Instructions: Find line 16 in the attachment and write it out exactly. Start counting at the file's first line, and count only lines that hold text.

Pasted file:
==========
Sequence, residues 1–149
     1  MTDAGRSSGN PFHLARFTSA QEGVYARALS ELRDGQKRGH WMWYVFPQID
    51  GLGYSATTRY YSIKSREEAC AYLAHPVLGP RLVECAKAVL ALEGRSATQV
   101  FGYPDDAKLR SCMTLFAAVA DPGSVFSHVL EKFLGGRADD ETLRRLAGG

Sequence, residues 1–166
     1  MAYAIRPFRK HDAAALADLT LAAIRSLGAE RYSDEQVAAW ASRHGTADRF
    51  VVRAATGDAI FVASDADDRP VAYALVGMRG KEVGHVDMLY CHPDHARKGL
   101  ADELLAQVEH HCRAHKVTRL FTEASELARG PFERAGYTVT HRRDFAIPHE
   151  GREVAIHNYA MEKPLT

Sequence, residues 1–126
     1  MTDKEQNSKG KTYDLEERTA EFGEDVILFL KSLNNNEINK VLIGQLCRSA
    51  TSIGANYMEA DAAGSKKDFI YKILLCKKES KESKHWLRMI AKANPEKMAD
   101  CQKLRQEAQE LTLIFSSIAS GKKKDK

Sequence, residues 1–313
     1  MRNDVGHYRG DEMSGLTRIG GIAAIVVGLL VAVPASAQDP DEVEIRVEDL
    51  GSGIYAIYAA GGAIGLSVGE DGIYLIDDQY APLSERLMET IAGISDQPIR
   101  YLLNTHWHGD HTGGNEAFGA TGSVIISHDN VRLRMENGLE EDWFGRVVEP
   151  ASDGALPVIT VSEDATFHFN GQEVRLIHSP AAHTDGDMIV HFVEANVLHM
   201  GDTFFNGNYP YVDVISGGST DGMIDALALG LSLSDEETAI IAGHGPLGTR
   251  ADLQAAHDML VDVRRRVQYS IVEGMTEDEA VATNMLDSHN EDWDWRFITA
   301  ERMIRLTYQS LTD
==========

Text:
    51  GSGIYAIYAA GGAIGLSVGE DGIYLIDDQY APLSERLMET IAGISDQPIR